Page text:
I’m writing this in 2012, as an enthusiastic convert to caravanning. But back in 2007, things were very different!
Early in that year we bought ourselves a Pennine Clubman folding camper second-hand off eBay.
Facilities were basic – double beds front and back in the fold-out compartments, and a centre section which doubled as the lounge / diner or another double bed. We had a gas cooker (two rings and a grill), cold water to the small kitchen unit via a foot pump in the floor, and an electrical connection from the site hook-up to a couple of mains sockets. Still, it looked like fun to try, so off we went…
Our first trip must have been around Easter, to a site near a quarry outside Buxton. The first night we were woken in the early hours by thunderous explosions, as hundreds of tons of rock were dumped into the wagons of the quarry train. Followed of course by the roar of diesels and the screech of metal wheels on the track, as the heavy load slowly set off on its journey past our campsite. On the second night the weather took a turn for the worse, with a hard frost as the temperature plummeted . I’m surprised hypothermia didn’t set in, although fortunately I had packed a small electric fan heater which we could huddle around.
Our second expedition took us further afield, to South Wales in July 2007. Date sound familiar? Should do, because it’s when the country was hit by some of the heaviest rain and flooding in years. So as we were driving South West into Gloucestershire towards Wales, the driving rain from the South West had already visited Wales, and was now causing chaos in Gloucestershire. The M5 motorway was flooded and reduced to a single very slow lane around Tewkesbury. We moved onto ‘A’ roads after a while to try and avoid the traffic jams, but fared no better. Countless roads were flooded, and some were closed by police due to land slippage or deep water. We eventually found a route through, although passing through several inches of water at one point caused us some concern – any higher and it would have entered the camper, soaking clothes and bedding before our holiday had even started.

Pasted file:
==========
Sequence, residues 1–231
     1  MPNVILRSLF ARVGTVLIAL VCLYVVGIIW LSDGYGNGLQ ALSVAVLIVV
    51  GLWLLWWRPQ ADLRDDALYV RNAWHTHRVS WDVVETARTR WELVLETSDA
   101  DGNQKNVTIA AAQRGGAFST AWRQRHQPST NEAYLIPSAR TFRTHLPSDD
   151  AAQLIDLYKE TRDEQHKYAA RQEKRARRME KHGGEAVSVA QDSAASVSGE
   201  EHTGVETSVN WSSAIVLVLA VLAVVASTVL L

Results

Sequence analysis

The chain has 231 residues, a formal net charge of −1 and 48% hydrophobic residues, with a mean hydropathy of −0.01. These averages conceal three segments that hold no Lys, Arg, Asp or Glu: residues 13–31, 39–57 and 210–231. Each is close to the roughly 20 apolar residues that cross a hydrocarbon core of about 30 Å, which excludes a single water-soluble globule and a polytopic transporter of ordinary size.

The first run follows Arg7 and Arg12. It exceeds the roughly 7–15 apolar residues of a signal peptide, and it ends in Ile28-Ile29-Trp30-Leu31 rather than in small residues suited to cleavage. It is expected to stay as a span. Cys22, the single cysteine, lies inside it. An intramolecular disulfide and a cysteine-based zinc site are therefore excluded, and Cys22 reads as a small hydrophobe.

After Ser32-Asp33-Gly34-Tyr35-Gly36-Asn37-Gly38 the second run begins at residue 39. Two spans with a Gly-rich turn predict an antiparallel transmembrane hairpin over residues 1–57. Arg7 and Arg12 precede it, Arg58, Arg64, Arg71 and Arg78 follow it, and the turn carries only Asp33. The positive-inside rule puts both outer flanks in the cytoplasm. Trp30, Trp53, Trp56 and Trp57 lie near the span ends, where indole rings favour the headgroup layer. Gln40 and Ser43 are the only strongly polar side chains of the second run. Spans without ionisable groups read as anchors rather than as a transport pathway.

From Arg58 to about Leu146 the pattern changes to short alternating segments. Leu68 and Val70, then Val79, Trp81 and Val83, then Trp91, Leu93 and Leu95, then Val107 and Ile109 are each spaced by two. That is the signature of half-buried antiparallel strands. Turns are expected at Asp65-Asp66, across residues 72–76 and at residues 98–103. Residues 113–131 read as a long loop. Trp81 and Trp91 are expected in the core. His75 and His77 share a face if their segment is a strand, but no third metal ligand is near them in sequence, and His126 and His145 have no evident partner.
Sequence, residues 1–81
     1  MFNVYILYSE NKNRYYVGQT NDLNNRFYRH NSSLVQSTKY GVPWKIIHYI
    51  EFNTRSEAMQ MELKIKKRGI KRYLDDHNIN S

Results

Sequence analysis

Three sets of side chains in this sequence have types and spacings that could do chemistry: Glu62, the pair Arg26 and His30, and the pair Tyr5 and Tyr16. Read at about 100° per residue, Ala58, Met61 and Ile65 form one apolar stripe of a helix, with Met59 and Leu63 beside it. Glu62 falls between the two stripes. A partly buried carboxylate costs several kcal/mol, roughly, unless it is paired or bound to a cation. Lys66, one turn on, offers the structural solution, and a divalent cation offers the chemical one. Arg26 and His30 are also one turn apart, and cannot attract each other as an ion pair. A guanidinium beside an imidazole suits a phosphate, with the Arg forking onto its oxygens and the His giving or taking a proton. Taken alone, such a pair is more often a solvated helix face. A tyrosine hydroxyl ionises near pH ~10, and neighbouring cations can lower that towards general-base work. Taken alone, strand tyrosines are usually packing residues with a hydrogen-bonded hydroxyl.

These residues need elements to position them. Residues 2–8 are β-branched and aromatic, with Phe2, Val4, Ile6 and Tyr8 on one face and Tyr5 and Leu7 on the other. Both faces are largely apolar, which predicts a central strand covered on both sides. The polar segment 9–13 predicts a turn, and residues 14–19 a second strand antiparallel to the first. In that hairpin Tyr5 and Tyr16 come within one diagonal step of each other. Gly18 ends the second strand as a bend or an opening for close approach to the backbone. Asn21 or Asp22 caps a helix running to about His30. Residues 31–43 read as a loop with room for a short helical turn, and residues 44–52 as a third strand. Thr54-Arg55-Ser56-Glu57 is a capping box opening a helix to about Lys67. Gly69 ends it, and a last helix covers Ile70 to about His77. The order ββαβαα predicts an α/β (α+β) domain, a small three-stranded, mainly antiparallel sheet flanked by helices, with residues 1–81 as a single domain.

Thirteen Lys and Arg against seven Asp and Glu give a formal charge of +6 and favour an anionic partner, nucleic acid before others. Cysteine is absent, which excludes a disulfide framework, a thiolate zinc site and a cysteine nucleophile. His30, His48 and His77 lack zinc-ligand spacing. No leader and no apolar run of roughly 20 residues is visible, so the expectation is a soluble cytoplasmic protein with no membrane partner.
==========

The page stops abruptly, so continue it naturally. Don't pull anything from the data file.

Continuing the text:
We arrived at our first site at Newport rather later than planned, and had to erect our camper in the dark and rain at the bottom of a wet muddy sloping field. The conditions didn’t seem to deter the private function in the site clubhouse though – the loud music and drunken revelry continued well into the early hours of the morning. We had already booked a sequence of campsites for the week, so felt obliged to stop for another night in the muddy field before packing up and moving on.
Our next site was in the Brecon Beacons. A lovely site, overlooking a lake, with good facilities including a small restaurant. Unfortunately by the time we arrived most of the pitches had become waterlogged, with a couple of inches of water visible above ground. I think this was the point where we all conceded defeat. Unable to face any more rain, mud or water, we stopped for a hot meal in their restaurant, then turned around and set off sadly home. The M5 was still passable, although Tewkesbury was by now isolated by the floodwaters.
Our final trip of the year was in August, to Woodstock Farm near King’s Lynn. In complete contrast to our earlier trips, the weather was perhaps some of the best that year, and we had a fantastic holiday. The kids were elsewhere doing their own thing with friends, so my wife and I had the entire camper to ourselves. We visited King’s Lynn; the tiny and quaint village of Wereham within walking distance of the site; and the wind turbine visitor centre near Swaffham.
We were well and truly hooked, and the next Spring we bought ourselves our first caravan!